Thank Goodness for the Atlantic League
mlbtraderumors.com reported today that two-way talent Micah Owings signed to play with the York Revolution of the Independent-A Atlantic League this season. I hope he gets and takes the opportunity to both pitch and play in the field there.
Owings is 33 this season, and the odds of him making it back to the Show are slim. However, I still have dreams of him becoming the successor to Brooks Keischnick as MLB’s next true two-way player.
Meanwhile, former Oakland A Nate Freiman (29) and now former Miami Marlin Chris Narveson (34) were released today. If either of them can’t secure a minor league deal from an MLB organization, both, but Freiman in particular, should consider trying to catch on with an Atlantic League team.
The odds of Freiman obtaining an MLB organization offer, after his horrible 4 for 26 start at AAA Syracuse, depend almost entirely on whether another AAA or AA team needs to replace an injured 1Bman. However, Freiman is definitely young enough that his making it back to MLB in the future is well within the realm of possibility. In fact, Freiman might benefit by getting more regular at-bats in the Atlantic League, and building his confidence back up against lesser pitching.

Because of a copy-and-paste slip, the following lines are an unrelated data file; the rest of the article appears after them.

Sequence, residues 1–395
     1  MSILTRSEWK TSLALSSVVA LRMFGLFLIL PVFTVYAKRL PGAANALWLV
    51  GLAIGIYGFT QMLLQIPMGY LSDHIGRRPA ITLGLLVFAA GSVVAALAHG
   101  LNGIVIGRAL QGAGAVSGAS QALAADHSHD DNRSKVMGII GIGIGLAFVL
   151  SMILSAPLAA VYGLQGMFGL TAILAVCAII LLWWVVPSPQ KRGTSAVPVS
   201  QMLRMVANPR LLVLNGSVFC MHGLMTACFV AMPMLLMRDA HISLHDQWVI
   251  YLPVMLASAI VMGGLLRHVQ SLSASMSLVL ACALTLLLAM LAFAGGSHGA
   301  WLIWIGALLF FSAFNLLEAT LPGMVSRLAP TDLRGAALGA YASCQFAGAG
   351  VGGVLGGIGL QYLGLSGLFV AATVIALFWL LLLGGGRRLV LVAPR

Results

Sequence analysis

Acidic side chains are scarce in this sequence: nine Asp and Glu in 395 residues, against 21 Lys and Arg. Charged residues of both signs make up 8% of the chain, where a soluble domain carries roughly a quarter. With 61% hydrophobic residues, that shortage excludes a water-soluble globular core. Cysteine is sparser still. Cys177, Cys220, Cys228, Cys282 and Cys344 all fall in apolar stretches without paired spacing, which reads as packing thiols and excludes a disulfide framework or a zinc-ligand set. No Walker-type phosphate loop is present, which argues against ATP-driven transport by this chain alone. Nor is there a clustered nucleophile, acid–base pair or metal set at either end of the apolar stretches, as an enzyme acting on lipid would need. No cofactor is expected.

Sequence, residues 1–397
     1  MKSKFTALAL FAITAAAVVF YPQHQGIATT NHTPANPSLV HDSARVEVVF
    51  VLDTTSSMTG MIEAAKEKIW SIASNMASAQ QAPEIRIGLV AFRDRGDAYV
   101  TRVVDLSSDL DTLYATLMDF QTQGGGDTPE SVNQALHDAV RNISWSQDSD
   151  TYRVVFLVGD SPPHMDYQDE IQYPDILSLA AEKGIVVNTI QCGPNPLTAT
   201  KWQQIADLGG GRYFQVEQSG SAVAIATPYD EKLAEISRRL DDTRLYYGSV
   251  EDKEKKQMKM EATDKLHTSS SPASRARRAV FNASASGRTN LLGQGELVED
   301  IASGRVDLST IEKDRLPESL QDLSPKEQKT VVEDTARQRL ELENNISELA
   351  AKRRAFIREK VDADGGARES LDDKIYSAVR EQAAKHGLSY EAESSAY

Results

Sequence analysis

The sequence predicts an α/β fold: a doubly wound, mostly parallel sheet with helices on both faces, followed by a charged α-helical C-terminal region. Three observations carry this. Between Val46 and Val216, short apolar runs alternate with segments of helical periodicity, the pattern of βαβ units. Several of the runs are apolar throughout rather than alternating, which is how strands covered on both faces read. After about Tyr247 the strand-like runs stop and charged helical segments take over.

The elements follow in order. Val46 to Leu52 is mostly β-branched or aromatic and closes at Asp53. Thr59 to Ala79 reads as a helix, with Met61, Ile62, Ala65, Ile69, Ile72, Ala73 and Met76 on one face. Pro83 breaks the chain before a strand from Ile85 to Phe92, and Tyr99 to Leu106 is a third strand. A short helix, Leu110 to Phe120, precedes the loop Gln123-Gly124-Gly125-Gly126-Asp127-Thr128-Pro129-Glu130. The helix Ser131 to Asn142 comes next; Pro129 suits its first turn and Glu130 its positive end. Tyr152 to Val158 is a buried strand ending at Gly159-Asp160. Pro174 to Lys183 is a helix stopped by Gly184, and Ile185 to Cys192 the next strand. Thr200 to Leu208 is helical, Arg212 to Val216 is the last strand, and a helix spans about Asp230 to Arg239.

In entirely unrelated news, NPB’s Yomiuri Giants signed 24 year old Cuban 2Bman Jose Adolis Garcia. At ages 22 and 23 Garcia had .851 and .869 OPS numbers in Cuba’s Serie Nacional, which are just fine for his position. The Giants have the money (if they’re willing to spend it) to compete with MLB teams on players of Garcia’s not quite Grade-A talent level, and Garcia looks well-suited to become a star in Japan.
It will all depend on how quickly Garcia can adjust to playing in Japan, because NPB teams are way too short on patience when it comes to foreign players. This may, in fact, be a problem, because Garcia is not a patient hitter, and NPB pitchers tend to have good command and an ability to pitch to a hitter’s weaknesses.
On the other hand, if Garcia’s Serie Nacional power translates to Japanese baseball, he could become a big star quickly. If this happens, he’s still young enough to be playing in MLB in a few years.